22 Oct Watch out for turtles this nesting season
November marks the start of the turtle nesting season, and with three species of turtles, Flatback; Green and Loggerhead, choosing to nest in our region, residents are being urged to be turtle aware.
Harbour Watch Project Officer and long term turtle researcher Karl French said major issues affecting nesting turtles included people driving 4WDs on the dunes at Lilley’s Beach, Boyne Island, and on Facing Island.
“Turtles excavate nests in the dunes above the reach of high tides and storms,” he said.
“Damage to the dunes can compact the sand, trapping hatchlings in nests, or causing vegetation loss, which can then allow erosion and storm activity to expose the nests.
“Loss of vegetation can also lead to a rise in sand temperature. The temperature of the sand is critical for incubation of the eggs, and also determines the sex of the hatchlings.
“If the temperature gets too high the developing embryos in the eggs will be killed. Recent hot dry summers have seen a spike in egg mortality.
“There are concerns about how turtles will manage under projected temperature rises associated with climate change.”
Nesting activity usually takes place around the evening high tides, with a peak in late November through to the end of December, depending on species.
Hatchlings emerge about eight weeks after laying, depending on species and incubation temperatures.
Karl said minimising external lighting, and direct lighting on beaches, is also important to allow adult female turtles to emerge undisturbed, and is important for hatchlings to be able to orientate towards the sea.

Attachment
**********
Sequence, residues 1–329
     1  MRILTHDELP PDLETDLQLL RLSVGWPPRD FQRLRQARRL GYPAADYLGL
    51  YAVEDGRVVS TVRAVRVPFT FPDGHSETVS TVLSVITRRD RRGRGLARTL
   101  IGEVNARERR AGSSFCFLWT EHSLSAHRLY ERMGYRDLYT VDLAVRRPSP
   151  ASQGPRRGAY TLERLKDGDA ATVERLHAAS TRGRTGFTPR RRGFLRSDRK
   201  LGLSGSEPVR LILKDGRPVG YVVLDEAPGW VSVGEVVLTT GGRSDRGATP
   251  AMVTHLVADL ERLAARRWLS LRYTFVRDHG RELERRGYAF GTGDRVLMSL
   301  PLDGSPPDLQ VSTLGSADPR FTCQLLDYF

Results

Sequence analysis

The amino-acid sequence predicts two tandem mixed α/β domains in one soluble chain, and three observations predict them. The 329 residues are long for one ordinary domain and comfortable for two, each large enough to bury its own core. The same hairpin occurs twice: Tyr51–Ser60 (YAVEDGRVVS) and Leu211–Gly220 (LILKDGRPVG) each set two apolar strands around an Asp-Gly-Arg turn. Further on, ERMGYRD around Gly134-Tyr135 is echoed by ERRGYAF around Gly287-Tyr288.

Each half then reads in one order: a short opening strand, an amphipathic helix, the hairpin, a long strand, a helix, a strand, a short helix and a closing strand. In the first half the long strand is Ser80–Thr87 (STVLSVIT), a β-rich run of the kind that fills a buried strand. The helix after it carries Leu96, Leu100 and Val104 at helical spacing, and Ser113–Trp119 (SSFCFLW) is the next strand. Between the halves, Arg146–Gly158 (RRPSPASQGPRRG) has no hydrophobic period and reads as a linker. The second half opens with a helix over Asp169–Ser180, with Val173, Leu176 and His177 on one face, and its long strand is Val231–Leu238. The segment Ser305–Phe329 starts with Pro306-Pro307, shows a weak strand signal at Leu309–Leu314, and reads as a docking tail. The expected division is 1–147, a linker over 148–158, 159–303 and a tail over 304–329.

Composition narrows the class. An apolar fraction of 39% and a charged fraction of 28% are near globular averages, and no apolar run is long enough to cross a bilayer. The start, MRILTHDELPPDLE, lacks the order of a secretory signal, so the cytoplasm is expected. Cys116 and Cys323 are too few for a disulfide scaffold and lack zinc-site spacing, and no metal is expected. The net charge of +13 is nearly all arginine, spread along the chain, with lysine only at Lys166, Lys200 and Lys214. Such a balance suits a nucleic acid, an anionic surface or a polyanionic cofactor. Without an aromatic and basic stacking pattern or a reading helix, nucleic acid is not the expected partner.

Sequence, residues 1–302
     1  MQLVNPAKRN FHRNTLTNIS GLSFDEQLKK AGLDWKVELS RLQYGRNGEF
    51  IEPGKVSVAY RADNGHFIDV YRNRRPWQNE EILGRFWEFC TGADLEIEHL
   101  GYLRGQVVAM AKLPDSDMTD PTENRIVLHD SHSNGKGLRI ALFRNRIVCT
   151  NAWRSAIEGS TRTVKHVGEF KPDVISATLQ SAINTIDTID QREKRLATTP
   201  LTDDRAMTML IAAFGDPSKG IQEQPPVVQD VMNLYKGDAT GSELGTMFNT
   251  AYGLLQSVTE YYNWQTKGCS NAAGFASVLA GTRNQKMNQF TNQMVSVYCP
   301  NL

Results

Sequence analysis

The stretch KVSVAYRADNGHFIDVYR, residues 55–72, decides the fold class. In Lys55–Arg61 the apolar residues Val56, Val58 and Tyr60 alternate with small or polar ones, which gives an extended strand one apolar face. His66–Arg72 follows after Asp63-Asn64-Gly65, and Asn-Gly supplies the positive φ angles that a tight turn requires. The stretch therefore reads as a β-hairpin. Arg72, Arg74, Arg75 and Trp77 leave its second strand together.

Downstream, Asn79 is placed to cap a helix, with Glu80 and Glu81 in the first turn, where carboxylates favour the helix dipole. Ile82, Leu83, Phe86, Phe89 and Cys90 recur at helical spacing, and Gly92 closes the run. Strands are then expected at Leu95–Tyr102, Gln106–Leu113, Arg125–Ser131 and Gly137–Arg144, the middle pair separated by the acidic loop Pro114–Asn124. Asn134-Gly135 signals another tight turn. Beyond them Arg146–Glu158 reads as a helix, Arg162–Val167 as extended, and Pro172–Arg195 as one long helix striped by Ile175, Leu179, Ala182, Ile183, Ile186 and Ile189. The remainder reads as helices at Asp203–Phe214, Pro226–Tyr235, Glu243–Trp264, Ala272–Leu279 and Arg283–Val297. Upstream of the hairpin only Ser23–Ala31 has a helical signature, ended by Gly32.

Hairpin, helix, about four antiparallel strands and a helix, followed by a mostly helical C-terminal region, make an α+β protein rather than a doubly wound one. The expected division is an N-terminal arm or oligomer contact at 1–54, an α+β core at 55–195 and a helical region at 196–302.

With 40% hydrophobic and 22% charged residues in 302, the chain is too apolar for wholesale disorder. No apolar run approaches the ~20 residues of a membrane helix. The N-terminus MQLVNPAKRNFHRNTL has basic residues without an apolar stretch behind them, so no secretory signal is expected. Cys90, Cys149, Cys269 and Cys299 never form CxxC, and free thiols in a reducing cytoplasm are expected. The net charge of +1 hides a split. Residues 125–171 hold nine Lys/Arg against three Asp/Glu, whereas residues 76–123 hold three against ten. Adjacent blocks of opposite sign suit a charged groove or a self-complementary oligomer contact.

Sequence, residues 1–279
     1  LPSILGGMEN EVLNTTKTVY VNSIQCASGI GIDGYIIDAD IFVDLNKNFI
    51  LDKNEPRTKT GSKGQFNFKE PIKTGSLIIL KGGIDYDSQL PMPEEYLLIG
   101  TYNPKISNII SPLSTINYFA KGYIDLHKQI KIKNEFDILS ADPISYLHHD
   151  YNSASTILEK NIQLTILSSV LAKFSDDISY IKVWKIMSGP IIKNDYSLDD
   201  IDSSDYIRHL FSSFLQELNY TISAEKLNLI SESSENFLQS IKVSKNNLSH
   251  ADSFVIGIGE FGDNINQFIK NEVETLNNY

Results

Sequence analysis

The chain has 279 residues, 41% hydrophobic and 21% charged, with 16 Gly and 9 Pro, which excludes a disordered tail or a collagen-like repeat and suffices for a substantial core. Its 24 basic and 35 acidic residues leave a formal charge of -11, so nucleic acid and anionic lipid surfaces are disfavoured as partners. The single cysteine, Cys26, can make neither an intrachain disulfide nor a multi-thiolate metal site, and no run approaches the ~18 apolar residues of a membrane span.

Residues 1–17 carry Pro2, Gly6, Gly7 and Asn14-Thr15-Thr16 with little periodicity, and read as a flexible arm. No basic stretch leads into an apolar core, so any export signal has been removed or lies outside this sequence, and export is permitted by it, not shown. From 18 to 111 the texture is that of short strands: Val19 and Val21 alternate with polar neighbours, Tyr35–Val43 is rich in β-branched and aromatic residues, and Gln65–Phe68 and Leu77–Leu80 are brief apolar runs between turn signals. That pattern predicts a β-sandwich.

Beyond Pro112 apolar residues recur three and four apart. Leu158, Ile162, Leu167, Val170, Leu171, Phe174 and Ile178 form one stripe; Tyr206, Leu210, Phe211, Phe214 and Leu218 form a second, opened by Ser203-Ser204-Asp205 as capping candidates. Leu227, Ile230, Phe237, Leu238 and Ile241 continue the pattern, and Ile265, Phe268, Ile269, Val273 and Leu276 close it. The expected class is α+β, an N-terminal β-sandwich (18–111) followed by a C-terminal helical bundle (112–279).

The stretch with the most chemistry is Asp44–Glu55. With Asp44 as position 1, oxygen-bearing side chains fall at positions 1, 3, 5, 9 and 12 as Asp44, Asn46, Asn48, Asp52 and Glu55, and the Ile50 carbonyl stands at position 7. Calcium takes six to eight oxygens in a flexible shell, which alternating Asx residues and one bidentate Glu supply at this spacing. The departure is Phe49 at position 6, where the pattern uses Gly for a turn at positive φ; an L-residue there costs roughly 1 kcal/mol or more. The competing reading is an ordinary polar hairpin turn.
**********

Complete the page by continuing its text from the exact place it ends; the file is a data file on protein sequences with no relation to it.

“Artificial lighting has been recorded to be responsible for hatchlings wandering away from the ocean and congregating under street lighting,” he said.
“The female turtles are most at risk of disturbance when they first emerge from the ocean.
“If you see a turtle emerging, turn off lights and torches and sit still and wait until the turtle has moved up into the dunes.
“This can be a slow laborious journey, but allowing them to get into the dunes and settle provides a greater opportunity for the turtle to successfully nest.”
The Fitzroy Basin Association runs a community-based citizen science program called Team Turtle CQ, which monitors nesting turtle activity across the Fitzroy Basin Region from Stanage Bay to Wild Cattle Island.
Local volunteers report turtle tracks on beaches, and the activity is checked and recorded with the data entered into the Queensland Turtle Conservation Programs Database.
Anyone interested in learning more should contact the FBA on firstname.lastname@example.org or 4999 2800.
Photos courtesy of Karl French